Simplify: a word that generally makes me happy, but can sometimes cause extremely overwhelming feelings as well. Simplifying areas of your life can sometimes take a lot of work, that’s where I get the overwhelming feelings and thoughts. BUT if you make the effort to simplify different aspects of your life, you can experience some unbelievable benefits. For me, that was healing!
There have been many, many things I have simplified in my life to encourage my IBD to go into deep, deep remission. From changing up the food I eat, the amount of sleep I get, and the supplements I put into my body (just to name a few), I have seen amazing benefits. The one thing that was the hardest for me to simplify though, was my fitness routine. And this, my friends, was where I saw probably the most benefit in encouraging my IBD to heal itself.
We all know that living a healthy and active lifestyle is great! There are numerous resources, scientific articles, and books that tell you about all the benefits exercise has on your body! But with autoimmune disease, too much exercise can actually add additional stressors to your body which doesn’t exactly help you out. You need to be smart, and simplify how you exercise to ensure you are getting those same benefits as any normal, “healthy” individual.
Taking the time to sit and figure out how to simplify my exercise routine stressed me out. I was a 3-sport athlete throughout high school and in college until I was diagnosed. I knew no other way than to go hard 6-7 days a week which was not helping my IBD. My doctors kept having to sit me down and have serious conversations with me about how lifting too heavy, or running too hard was not giving my deteriorating intestines the time they needed to recover. I could still workout, they said every time, but it needed to be less frequently, and much easier on my body. My athlete brain thought my life was over. The extreme guilt I would feel if I wasn’t burning tons of calories (the woes of fitbits and apple watches am I right!?) was getting overbearing, and to be honest, I FELT LIKE CRAP. So for those of you like me, it takes some effort, and may sting your ego a bit, but taking a chill with your workouts can be a great thing! Here’s some steps I took to still live a healthy and active lifestyle while also keeping it basic and beneficial to my autoimmune disease.
Accept that the simplest of workouts have great benefits.
To me, if I wasn’t dead to the world, burning hundreds of calories, and dripping at the end of a workout it wasn’t a good one. This couldn’t be further from the truth and what could have been causing unnecessary, and frankly, avoidable discomfort and inflammation on my flaring diseased insides. The constant impact of running, and the strain lifting has on your abdomen was not helping me out. In reality, a simple walk or low impact workout can do wonders for autoimmune disease. You are not causing strain on your body and you are encouraging the feel good chemicals that promote healing! So go for that walk around the neighborhood and count it as your workout! A great one at that!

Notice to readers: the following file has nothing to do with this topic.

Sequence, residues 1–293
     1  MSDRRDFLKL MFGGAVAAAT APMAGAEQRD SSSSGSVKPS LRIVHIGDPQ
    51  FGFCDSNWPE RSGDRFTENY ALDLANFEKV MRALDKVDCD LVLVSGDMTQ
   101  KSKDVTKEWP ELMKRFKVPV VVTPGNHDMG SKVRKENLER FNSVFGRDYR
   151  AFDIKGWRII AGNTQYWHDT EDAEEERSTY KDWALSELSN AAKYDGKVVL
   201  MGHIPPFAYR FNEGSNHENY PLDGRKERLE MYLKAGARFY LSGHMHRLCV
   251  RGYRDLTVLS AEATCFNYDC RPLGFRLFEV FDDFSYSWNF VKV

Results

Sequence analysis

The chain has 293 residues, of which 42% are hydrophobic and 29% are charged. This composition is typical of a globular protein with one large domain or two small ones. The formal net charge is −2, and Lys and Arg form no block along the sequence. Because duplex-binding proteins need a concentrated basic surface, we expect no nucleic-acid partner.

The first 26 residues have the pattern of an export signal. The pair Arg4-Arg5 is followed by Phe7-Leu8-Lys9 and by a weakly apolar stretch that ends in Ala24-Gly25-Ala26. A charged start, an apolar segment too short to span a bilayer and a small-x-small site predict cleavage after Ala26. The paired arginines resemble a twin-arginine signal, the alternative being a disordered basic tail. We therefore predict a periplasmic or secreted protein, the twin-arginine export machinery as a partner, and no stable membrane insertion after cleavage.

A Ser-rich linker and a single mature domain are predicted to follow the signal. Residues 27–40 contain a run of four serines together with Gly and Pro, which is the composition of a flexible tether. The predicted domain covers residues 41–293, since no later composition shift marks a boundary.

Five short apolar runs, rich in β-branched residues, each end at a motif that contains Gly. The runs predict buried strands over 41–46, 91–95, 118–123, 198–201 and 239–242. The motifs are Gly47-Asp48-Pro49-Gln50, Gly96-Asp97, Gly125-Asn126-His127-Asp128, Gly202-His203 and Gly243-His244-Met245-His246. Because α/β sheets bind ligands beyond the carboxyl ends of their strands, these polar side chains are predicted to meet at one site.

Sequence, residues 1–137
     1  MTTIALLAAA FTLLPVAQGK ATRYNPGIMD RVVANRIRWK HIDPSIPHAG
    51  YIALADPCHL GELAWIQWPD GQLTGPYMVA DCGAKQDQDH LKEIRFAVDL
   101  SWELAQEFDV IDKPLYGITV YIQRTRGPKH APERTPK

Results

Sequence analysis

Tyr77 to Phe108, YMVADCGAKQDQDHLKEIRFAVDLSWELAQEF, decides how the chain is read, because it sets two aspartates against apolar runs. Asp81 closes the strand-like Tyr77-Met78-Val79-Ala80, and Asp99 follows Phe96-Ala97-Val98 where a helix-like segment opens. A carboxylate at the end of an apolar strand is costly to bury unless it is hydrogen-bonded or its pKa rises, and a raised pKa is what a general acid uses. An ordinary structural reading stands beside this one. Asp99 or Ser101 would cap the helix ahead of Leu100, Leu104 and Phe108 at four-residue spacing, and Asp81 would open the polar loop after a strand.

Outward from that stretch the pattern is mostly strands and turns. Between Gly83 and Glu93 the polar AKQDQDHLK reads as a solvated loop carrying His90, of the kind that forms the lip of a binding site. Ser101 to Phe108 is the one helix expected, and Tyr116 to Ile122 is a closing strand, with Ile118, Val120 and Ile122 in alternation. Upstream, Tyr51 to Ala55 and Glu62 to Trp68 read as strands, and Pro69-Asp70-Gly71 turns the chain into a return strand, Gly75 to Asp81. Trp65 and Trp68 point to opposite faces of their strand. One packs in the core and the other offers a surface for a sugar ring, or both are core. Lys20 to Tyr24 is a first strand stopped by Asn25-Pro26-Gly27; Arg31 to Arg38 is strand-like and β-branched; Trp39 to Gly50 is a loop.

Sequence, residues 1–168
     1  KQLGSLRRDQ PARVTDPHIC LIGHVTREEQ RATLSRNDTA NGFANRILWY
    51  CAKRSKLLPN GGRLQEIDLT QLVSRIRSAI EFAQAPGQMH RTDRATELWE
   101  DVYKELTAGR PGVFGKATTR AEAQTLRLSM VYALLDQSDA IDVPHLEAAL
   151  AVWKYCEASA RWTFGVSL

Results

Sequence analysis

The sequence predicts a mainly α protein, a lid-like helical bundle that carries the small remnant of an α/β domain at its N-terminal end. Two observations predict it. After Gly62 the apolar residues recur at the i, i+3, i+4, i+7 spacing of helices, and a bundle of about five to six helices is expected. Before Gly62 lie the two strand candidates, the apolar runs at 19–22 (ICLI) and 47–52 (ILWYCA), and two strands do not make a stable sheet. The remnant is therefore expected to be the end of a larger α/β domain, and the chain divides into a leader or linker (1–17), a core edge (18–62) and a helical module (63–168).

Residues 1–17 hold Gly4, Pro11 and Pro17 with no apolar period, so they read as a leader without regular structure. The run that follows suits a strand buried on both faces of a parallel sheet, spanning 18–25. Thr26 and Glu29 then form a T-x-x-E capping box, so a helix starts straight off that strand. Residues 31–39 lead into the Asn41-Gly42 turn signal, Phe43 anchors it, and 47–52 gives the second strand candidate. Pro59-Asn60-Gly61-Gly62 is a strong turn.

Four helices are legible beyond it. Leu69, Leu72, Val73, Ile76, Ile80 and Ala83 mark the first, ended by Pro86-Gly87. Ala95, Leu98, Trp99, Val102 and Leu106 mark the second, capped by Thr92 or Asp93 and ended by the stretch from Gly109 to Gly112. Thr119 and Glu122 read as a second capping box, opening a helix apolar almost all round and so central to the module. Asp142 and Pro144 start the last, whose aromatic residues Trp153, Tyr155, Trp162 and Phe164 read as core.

Limit your workouts in time and frequency.
Working out everyday for hours on end is not necessary to see great benefits. And if you want to simplify your life, this is an area where you can add more time into your week if you limit your workouts to 30 minutes a day for a max of 5 days (there is no magic number here to be honest!). Shorter workouts enable you to work hard during a shorter amount of time, give you more time during the day, and less frequent workouts allow your body time to rest and heal. This is a super important part of a fitness routine that is so simple, but so hard to understand its importance.
Don’t beat yourself up.
Like I said earlier, I suffer from major workout guilt. I know some of you ladies probably do too but do not beat yourself up if you feel like what you are doing is too easy. This is an area I am still working on, but rest and simplicity is just as important in our journeys with autoimmune disease as being active. Listen to your bodies, not your mind!
Let your body rest.
This ties in to what I just said, but is important to repeat. Resting encourages healing. If you do a more intense workout, take the next day to do some active stretching and yoga or take the day off. You need to let your body recover because your movement adds stress and stress induces inflammation and then we have a vicious cycle we cannot break.
If you are like me, this month’s theme can be a little intimidating and overwhelming. But simplifying aspects of our lives is a great thing to do. Don’t feel like you need to do everything at once! Pick certain areas that you can easily simplify and let yourself feel that accomplishment. It’s harder than we think to make changes and essentially do less to see more. But it works, I promise! Simplifying my fitness routine was one of the harder things I did while switching up many other things in my life to help my IBD, but it honestly has been one of the more beneficial things I have done.